Throughout the '50s, '60s and '70s, apprenticeship programs were readily available in this country; in order to learn, a musician could come up through the ranks with Art Blakey, Horace Silver, JJ Johnson, The Jazztet or Miles Davis.
Jazz, as we once knew it, has become a thing of the past. For a lot of years clubs and promoters have been saying that this music is dead. My response to that statement is, "How can jazz be dead when its creators are still alive and well and creating?" In other words; if it ain't broke... we wish you wouldn'a fixed it...
Years ago if you turned on the radio, within five seconds you knew, without question, who was playing. That reality, of an immediately identifiable sound and persona, is a far cry from today. Today what we mostly hear are good arrangements, with all the right notes being played, but the music, on the whole, lacks the energy, the fire of that Golden Age.
In the last 30 years or so, thanks to the efforts of people like Quincy Jones
, the jazz studies programs throughout the scholastic system have led to a greater awareness of this music among young people. Yet, it seems that Europeans have always had a far greater awareness and appreciation for this American classic music, our national treasure.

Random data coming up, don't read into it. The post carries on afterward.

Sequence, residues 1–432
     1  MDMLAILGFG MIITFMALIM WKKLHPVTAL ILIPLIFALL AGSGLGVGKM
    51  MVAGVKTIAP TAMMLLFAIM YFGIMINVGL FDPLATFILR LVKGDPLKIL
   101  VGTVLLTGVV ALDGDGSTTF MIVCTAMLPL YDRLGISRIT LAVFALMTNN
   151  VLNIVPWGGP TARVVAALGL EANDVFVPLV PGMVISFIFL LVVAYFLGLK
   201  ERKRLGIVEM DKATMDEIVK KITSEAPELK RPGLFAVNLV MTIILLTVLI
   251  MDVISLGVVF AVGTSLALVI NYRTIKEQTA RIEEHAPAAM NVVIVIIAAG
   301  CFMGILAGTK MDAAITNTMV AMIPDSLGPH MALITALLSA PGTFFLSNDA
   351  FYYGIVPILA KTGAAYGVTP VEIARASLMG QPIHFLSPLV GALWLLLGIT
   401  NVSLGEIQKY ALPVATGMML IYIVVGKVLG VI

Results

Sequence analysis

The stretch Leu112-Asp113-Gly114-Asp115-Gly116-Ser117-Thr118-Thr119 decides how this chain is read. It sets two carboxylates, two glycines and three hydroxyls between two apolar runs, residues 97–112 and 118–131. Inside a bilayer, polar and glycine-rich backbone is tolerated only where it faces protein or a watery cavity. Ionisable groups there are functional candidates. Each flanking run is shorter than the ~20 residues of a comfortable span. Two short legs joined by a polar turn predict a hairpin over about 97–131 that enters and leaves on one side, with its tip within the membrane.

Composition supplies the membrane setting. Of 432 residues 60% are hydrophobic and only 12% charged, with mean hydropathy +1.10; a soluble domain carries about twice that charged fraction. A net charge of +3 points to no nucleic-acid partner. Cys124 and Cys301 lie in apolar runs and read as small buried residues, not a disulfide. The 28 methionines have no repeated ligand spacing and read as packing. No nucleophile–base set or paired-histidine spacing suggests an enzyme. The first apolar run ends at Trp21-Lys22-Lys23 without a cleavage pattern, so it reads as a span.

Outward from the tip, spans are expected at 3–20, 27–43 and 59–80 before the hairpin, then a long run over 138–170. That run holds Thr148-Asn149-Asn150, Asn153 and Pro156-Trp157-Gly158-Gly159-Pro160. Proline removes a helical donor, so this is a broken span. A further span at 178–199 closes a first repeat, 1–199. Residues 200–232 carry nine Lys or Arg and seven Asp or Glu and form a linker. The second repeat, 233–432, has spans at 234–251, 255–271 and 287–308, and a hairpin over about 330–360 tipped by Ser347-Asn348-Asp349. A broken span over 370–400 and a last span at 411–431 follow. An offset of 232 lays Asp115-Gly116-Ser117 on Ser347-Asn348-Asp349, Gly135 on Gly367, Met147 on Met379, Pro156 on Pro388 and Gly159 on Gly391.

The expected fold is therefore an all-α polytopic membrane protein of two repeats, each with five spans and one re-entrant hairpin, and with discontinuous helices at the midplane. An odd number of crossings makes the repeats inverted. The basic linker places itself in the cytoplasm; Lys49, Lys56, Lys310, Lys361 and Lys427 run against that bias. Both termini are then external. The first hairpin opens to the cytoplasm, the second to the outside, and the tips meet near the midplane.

Throughout the '50s, '60s and '70s, apprenticeship programs were readily available in this country; in order to learn, a musician could come up through the ranks with Art Blakey
. This type of incubator was the tradition, the road to learning and developing your own sound and voice.
At this point in time, what can we do to restore the integrity to this arena? How can we recreate those apprenticeship programs? Where are all the new John Coltranes, Miles Davises or any other innovators on the scene of this generation? How can we bring this great and totally unique music back up to the levels, the standards from which it should have never fallen? What can we do to encourage each individual to develop their own unique sound?
Too much of everything nowadays appears to be about following patterns. This is only part of it and can become formulaic; it produces a monotonous clone, rather than a spontaneousbrilliantspark to the imagination. And therein lies the root of the problem.
What new pattern could be put in place would revive these standards, of recognition of greatness, of leadership and apprenticeship? At difficult times like these, the arts are needed more than ever because they reaffirm who we are as human beings.
In order for the music to retain its vitality there has to be new lifeblood. Clubs are doing tributes to many of those great artists who are sadly no longer with us, which is great, but how about honoring those who are still here in our midst and too seldom heard?
Don't talk about it, be about it! As a matter of fact we are doing just that, because I help curate the wonderful Jazz Legacy Series in a very nice environment at Creole in Harlem where all of those true giants are booked: Curtis Fuller